This imbalance in population with a predicted 1:5 ratio of younger generations to the elderly only adds to Korea’s depression rates. Research conducted by Professor Heejung Kim of Yonsei University showed that almost 30.2% (730 out of 2,416 surveyed) of elderly individuals who live alone reported symptoms of depression.
On April 14, 2023, the Korean Government announced plans to implement a new system to tackle the country’s suicide and depression rates spiraling out of control. Among the 38 nations in the Organization for Economic Cooperation and Development (OECD), Korea held the record for the highest suicide rate for the past 20 years, with an average rate of 24.1 people out of every 100,000 per year. Ironically, the number almost doubles that of the United States, a country with a massive population that makes up approximately 4.23% of the world. Prime Minister Han Duck-soo declared that the project aims to lower this number to 18.2 per 100,000 by 2027.
This “National Suicide Prevention Action Plan” offers solutions from multiple angles – creation of online support groups, and education on methods of identifying may-be-at-risk individuals. This way, more people can receive support through gatekeeper programs. The action plan now requires citizens to receive mental health checkups every two years, in hopes of earlier identification of illnesses and to minimize further consequences.
The gatekeeper regimen showed immediate success: out of 800 randomly selected individuals who participated in the program, 19.9% were at high risk of self-harm. Of the population that received an education on mental disorder identification, 71.5% successfully used their training experience to appropriately inform those who struggle with suicide prevention and refer them to mental health professionals.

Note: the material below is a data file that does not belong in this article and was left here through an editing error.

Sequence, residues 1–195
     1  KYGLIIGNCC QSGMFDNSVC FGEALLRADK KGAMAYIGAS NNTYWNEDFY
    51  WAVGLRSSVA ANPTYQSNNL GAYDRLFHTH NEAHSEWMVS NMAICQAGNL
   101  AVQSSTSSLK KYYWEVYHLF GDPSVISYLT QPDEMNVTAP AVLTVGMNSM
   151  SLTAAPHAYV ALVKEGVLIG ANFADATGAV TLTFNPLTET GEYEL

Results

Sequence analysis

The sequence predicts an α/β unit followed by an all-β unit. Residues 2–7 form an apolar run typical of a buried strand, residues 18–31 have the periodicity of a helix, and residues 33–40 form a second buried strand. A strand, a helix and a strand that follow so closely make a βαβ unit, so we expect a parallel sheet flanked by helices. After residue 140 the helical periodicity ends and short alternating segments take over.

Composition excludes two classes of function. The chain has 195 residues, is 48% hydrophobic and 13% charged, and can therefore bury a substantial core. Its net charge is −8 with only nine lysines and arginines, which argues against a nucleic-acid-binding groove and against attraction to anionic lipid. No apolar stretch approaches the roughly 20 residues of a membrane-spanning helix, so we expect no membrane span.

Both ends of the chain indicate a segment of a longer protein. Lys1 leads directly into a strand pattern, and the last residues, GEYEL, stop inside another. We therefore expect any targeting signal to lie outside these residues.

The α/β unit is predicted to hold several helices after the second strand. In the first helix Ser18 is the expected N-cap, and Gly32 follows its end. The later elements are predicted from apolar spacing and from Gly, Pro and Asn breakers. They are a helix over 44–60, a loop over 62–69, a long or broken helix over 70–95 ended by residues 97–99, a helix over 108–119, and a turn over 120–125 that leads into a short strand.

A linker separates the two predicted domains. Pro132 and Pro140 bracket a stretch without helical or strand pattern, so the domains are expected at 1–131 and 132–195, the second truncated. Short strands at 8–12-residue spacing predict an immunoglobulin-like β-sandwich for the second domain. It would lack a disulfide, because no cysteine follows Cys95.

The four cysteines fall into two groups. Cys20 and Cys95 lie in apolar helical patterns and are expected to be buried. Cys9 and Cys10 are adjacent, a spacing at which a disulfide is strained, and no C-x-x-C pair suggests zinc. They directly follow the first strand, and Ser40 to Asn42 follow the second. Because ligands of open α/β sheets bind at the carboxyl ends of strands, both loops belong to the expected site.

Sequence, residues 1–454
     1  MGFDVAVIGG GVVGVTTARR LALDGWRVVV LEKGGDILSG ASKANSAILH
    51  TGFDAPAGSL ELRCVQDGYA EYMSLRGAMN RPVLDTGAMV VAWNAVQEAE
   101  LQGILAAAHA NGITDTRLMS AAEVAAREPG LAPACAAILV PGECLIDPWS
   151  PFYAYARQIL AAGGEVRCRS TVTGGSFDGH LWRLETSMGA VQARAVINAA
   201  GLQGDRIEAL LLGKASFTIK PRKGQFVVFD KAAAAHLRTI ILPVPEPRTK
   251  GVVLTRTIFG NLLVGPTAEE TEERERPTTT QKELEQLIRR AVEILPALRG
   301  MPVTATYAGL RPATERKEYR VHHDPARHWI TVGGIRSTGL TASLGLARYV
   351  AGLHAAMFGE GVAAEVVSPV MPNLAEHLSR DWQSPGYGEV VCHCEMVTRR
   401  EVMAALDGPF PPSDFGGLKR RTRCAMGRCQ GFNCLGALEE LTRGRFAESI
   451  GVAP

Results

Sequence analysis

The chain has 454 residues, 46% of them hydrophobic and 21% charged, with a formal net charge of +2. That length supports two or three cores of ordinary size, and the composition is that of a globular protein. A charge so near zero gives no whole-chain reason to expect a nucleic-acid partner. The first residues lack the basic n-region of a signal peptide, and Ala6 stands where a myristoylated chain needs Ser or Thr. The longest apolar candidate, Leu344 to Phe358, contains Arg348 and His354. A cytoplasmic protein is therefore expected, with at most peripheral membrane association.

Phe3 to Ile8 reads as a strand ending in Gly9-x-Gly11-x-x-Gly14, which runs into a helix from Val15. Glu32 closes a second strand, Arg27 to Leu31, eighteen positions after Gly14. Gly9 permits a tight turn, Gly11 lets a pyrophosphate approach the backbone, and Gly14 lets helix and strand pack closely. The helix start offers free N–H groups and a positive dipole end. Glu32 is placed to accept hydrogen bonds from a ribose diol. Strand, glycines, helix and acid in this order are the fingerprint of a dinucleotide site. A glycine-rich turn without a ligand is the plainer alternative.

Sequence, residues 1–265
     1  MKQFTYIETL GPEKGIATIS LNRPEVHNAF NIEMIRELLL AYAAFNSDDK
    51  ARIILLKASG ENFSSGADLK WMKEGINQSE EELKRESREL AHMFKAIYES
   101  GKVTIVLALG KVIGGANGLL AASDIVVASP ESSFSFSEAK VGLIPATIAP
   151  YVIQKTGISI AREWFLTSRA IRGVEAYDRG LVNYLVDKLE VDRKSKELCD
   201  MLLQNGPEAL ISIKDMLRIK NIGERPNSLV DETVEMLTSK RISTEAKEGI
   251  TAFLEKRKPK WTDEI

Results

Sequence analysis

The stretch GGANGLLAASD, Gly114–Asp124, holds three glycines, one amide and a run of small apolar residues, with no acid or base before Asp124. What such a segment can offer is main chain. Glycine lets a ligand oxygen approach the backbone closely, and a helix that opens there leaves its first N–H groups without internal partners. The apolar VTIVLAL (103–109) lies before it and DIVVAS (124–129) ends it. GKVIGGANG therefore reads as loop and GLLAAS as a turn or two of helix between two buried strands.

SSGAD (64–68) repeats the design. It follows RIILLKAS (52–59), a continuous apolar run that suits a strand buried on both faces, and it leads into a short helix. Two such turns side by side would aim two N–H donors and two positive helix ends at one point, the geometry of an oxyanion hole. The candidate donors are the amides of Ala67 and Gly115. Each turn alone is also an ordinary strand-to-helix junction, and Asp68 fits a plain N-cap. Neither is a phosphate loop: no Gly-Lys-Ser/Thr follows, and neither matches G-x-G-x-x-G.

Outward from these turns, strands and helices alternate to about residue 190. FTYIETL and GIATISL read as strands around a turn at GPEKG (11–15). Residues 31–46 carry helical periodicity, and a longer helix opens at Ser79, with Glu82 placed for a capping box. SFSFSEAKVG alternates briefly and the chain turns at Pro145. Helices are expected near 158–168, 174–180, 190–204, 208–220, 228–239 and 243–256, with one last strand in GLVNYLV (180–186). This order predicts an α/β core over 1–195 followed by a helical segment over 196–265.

The current efforts to take on the nationwide matter proved highly effective, and Korean citizens expect more noticeable change in the coming years. A single voice can initiate subsequent calls for help, and with a few more, it transforms into a collective chant. After all, human nature drives us to assimilate and lean onto one another.

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About the Contributor
Anna Yoon, Writer
Since elementary school, Anna Yoon soaked up music and sports like a sponge. Skiing, volleyball, and the flute truly pique her interest.  As first chair in the orchestra and vice president of the Student Athletic Advisory Committee, Anna proves that nothing can stop her once she puts her mind to it. Her diligence breaks through in multiple opportunities to volunteer and enter ski and research competitions outside of school. This year, video editing tops her list of goals. She extends her love of AP Psychology into the articles that she pens for the Flyover.
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  • K

    KevinNov 30, 2023 at 6:27 pm

    I think the suicide prevention action plan is a boon to society, since there were many attempts to prevent suicide such as the suicide prevention walking program I participated in september. Therefore, with the new law, I think these programs will also be better funded, so they can hold more impactful events and possibly help in curbing suicide rates below the expectations that the new law set.

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  • M

    Mr. PierogNov 30, 2023 at 6:24 pm

    Great piece, Anna, on an important issue!

    Reply